• Income statement (also called a Profit & Loss), which shows your revenue and your expenses over a specified time period
  • Balance sheet, which is just a snapshot of your financial position at one point in time
  • Cash flow statement, which is a record of the cash and cash-like equivalents entering and leaving your company
  • Statement of changes in equity (also called a statement of retained earnings) which shows how your share of capital, reserves, and retained earnings have changed in a reporting period

Some other important things they can do to help your business run like a well-oiled machine:

  • Manage accounts receivable and accounts payable (make sure you get paid on time, and pay your bills on time)
  • Collect and remit sales tax to the government
  • Monitor debt levels and apply payment to any debt as it comes up for payment
  • Record incoming cash and deposit at the bank
  • Handle bank reconciliations every month
  • Equip your CPA with accurate financial statements come tax time
  • Maintain your annual budget
  • Report on issues and variances when they pop up
  • Process payroll

They can also usually take care of some of the tax preparation so that your accountant has less to do (which is a good thing, because bookkeepers are less expensive than a CPA). But they won’t be able to help you with tax planning or handling your tax return.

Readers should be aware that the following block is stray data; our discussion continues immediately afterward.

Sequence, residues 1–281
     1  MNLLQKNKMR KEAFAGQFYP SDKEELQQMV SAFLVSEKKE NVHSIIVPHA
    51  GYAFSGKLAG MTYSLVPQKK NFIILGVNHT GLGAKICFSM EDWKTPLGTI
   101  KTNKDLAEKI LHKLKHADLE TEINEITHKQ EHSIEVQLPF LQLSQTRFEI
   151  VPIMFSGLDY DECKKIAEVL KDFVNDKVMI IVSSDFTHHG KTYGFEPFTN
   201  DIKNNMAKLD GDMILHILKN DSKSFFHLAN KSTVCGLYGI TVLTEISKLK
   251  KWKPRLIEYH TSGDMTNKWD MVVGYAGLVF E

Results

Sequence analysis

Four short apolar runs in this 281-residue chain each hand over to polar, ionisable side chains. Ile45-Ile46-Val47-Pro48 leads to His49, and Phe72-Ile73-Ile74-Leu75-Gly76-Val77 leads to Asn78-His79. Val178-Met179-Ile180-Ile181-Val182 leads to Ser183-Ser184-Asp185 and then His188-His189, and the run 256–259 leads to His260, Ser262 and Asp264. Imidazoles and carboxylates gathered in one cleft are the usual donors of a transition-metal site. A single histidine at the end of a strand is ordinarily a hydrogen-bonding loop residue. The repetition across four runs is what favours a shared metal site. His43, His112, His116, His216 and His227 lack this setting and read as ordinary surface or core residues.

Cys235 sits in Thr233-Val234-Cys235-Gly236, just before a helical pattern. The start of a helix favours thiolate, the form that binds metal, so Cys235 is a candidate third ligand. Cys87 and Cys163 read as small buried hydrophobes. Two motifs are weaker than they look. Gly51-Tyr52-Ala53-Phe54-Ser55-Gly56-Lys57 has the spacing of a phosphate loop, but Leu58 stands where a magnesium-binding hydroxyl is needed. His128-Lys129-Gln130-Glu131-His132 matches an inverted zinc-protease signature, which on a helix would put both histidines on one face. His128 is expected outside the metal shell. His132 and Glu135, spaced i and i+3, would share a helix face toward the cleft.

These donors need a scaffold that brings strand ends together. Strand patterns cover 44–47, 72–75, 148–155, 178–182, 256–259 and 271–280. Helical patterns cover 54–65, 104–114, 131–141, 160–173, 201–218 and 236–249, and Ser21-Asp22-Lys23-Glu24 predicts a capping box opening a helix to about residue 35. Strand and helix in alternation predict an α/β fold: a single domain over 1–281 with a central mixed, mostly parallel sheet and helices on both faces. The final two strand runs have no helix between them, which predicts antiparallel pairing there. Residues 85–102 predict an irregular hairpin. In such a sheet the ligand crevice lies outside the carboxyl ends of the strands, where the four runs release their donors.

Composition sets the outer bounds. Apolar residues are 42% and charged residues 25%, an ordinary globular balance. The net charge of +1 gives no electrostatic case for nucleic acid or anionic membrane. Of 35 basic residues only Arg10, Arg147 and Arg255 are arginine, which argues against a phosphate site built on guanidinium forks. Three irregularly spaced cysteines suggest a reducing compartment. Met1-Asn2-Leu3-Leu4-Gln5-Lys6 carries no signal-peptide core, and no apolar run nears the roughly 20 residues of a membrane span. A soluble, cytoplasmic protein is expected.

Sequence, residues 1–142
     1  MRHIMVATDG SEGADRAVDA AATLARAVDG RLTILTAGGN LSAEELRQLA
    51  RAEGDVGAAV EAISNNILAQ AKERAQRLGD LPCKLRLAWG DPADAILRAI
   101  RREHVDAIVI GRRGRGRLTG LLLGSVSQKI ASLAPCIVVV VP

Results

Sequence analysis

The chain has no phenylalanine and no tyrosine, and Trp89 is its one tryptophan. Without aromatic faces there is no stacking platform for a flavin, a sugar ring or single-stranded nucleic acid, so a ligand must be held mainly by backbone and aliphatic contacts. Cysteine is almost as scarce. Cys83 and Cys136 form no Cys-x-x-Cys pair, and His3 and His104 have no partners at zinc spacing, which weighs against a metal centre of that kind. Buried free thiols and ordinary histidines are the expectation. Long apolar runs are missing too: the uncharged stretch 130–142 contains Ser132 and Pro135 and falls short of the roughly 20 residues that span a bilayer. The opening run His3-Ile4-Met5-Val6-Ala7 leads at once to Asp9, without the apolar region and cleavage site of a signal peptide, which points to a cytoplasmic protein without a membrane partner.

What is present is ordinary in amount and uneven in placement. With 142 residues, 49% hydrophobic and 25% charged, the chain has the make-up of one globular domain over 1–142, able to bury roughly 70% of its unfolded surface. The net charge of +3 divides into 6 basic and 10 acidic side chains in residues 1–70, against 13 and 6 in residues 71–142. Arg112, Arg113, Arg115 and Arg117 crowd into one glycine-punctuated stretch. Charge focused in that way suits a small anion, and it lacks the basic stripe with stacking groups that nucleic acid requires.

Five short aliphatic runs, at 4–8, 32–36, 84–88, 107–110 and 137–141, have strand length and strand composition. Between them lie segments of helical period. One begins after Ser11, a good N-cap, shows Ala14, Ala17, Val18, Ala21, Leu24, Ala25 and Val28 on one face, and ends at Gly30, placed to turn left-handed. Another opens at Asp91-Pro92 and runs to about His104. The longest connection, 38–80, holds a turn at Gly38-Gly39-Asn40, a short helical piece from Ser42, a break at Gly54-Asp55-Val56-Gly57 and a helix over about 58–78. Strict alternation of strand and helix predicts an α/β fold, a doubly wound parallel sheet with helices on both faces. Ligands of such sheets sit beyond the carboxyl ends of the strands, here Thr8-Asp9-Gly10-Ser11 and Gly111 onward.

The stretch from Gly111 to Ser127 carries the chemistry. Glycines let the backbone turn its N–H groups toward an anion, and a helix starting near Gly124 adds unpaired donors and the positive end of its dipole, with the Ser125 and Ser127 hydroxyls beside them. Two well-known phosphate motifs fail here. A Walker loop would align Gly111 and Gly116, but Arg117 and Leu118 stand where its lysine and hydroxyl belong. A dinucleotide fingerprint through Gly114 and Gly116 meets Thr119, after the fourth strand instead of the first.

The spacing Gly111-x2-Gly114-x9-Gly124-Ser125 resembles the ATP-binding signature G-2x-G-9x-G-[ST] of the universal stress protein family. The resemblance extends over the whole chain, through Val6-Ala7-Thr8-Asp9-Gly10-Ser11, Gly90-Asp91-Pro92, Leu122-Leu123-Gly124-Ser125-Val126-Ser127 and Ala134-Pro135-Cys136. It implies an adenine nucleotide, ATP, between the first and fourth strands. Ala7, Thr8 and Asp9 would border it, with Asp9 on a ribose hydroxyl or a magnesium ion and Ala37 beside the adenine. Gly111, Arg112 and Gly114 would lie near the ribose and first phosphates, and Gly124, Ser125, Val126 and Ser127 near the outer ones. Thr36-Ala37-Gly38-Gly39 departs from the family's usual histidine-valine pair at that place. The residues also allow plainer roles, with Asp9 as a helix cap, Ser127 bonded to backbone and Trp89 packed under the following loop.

What a bookkeeper can do for your business

Why do you need a bookkeeper? If you have a top-notch bookkeeper, you’ll reap some of the following benefits:

  • Better budgeting decisions, knowing exactly where your money is going
  • Peace of mind knowing your books are in order and tax season won’t be a scramble
  • Audit-proof business with detailed documentation
  • More hours in your day to focus on your business
  • Understand the seasonal flow of your business
  • Understand the key metrics in your business: revenue, costs, profitability, etc.

If you run a small business, you won’t need a full-time bookkeeper. You can either get some bookkeeping software and do it yourself, or you can outsource your bookkeeping to a part-time, virtual bookkeeping service like Bench.

Somehow “bean counter” has become a derogatory term. But anyone who has tried to manage the income and expenses of their own business knows that bookkeepers deserve some serious respect.

It’s a role that takes the curiosity and drive to always get to the bottom of unresolved questions—and the willingness to do a little sleuthing when numbers don’t add up. It also involves a great deal of trust. Not only are you entrusting your bookkeeper with sensitive data, you are relying on their accuracy. A good bookkeeper never cuts corners, and they are indispensable to business owners who want to spend time growing their business, instead of maintaining it.


This post is to be used for informational purposes only and does not constitute legal, business, or tax advice. Each person should consult his or her own attorney, business advisor, or tax advisor with respect to matters referenced in this post. Bench assumes no liability for actions taken in reliance upon the information contained herein.